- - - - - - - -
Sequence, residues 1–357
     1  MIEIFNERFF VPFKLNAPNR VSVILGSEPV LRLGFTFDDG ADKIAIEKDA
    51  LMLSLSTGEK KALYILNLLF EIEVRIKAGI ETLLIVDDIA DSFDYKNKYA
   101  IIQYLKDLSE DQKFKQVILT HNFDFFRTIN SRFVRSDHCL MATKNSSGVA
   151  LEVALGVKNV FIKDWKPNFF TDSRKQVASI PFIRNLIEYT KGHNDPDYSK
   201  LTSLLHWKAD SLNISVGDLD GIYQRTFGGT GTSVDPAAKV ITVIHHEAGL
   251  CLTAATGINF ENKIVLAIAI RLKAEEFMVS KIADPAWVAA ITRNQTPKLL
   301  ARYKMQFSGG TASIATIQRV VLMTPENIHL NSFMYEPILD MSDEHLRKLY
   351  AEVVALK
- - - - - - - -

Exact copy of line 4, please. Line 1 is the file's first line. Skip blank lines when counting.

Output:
   101  IIQYLKDLSE DQKFKQVILT HNFDFFRTIN SRFVRSDHCL MATKNSSGVA